On Motherhood: One month later

Anais Gschwind
4 min readDec 8, 2023

As the initial shellshock of becoming a parent slowly subsides, a first time mother is at last alone with a baby. The arrival of gifts in the post slowly peter out. The offers to drop in drop off. The room goes quiet.

That is to say, physically and emotionally, despite the infinity mothers that came before and that exist everywhere — the mother finds herself alone. The theory of motherhood finally gives way to the action.

Perhaps my greatest fear around having children was being defined by it. I grew up associating motherhood with sacrifice, servitude and discontent. Despite my own mother being loving and kind, I assumed, like so many other mothers, that some parts of herself and her life had been sacrificed at the altar of her children.

My world view never venerated sacrifice. I find discipline dull and tend to seek experience and chase curiosity at the expense of most other things. I have often made selfish decisions in life and I haven’t been ashamed to do so. On paper motherhood just didn’t look fun.

As many young girls do, I wanted to be ‘one of the boys’ rather than associate with femininity during my teenage years. At the time I thought I was a feminist. On reflection, I understand it as internalised misogyny and an immature notion of feminism.

In a similar vein, I spent most of my 20s and early 30s denouncing having children. It’s not that I had a problem with other people having children, I just couldn’t fit it into my own worldview. I was suspicious that having children wasn’t all it was cracked up to be.

The way that motherhood is largely represented in the world repelled me. That it is the meaning of life and the only pathway to ‘wholeness’ is an unfair sell. The platitudes that pour out of new birth announcements seem glib— “our lives started that day” — “our hearts exploded” — “we never knew a love like it.”

Furthermore, I knew that women were often sidelined after having children and I didn’t want that for me. In hindsight, I know I was doing the same thing to other women too.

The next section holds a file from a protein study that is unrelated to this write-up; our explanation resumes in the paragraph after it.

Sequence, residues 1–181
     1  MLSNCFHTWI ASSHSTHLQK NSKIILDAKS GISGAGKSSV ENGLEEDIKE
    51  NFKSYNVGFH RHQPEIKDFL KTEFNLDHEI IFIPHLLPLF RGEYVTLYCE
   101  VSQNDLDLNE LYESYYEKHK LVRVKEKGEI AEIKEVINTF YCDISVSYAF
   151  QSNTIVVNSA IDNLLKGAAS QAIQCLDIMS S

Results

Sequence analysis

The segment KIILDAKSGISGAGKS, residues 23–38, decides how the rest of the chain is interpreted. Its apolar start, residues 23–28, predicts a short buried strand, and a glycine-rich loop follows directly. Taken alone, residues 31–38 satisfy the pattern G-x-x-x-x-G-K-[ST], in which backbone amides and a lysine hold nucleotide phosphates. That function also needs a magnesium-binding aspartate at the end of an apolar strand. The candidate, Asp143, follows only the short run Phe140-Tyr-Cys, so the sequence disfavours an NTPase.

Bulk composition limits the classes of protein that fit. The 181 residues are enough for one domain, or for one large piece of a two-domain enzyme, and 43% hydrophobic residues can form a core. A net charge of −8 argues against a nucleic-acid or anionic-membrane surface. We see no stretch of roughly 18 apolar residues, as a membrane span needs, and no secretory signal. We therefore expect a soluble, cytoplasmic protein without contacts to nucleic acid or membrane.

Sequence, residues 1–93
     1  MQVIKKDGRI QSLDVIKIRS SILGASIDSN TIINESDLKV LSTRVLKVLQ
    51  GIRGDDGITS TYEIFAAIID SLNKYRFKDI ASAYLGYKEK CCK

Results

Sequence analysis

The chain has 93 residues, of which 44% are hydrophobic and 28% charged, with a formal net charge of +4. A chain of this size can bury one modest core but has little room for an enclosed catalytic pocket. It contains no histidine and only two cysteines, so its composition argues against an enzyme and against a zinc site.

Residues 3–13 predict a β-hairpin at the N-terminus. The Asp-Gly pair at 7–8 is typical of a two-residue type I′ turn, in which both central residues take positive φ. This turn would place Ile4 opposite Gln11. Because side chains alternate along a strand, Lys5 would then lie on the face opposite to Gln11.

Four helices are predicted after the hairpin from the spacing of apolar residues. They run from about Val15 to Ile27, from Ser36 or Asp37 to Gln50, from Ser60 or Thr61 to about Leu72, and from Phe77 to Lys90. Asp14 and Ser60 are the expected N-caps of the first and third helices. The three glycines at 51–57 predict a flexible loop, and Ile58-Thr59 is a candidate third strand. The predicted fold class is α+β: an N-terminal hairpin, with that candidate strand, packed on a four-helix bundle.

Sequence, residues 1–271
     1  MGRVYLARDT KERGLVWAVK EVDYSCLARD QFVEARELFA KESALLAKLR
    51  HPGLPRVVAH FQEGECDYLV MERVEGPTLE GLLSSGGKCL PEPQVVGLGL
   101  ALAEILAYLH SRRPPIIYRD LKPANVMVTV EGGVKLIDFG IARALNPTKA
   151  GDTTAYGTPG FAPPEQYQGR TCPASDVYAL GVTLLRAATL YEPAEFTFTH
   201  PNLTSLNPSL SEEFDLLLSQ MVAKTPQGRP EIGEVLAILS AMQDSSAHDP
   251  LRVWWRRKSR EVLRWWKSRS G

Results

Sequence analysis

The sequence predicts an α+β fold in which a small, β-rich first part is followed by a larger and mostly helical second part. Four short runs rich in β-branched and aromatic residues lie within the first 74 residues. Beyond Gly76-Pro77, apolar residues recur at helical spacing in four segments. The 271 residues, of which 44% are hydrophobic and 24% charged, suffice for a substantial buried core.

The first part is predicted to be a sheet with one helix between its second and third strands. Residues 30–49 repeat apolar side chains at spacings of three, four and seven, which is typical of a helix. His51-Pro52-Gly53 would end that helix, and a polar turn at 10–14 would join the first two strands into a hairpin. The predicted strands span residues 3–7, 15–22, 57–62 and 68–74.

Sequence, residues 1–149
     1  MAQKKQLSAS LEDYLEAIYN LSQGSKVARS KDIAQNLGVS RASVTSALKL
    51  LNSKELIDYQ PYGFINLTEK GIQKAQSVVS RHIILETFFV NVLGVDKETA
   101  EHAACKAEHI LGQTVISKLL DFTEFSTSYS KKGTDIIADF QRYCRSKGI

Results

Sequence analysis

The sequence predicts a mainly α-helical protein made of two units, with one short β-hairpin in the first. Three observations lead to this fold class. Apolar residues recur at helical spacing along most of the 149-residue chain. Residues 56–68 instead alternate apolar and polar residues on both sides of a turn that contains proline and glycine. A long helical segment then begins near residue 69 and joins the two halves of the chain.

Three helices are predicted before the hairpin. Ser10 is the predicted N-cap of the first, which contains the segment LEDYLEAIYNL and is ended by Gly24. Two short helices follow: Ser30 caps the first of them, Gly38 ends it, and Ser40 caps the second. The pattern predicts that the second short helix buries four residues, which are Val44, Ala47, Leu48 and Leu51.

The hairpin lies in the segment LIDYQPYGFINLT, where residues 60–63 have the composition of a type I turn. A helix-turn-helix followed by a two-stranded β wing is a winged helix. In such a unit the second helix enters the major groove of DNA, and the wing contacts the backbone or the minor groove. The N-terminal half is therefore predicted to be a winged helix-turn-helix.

Before Luca’s birth I wondered how I might share my postpartum time across social media… I thought about how my identity would morph and feared for it. No longer wine girl or dog girl. No longer girl.

My content has become a constant stream of baby content. My previous self cringes. My internet projection has always been a reflection of my life. And my current life is being at home with a baby.

Some things are deeply boring, repetitive, laborious and draining — the washing, the changing, the feeding, the endless staring. Yet these parts are also earth-shatteringly wild. A tiny creature sucking from another body. Milk from a breast wielded as the answer to everything the growing human needs.

As the days pass I see the birth of a new sense of mother stirring in me — one in which motherhood might define me as much as my love for food and wine, long walks, my dog, the colour of the sky and the roses against it. One in which some parts of me might die and others may be born.

I am fostering a prayer that motherhood will not be a part of myself that I tuck away, that I attempt to diminish or exist in spite of. I hope all those aspects of myself might sit together in a beautiful, complex human existence.

For now I will allow myself to bask fully in this season of life which will never roll around again. I will share it across the ether as I enjoy doing and have done with the seasons before.

The hesitant arrival of a new mother. The glorious season of Luca.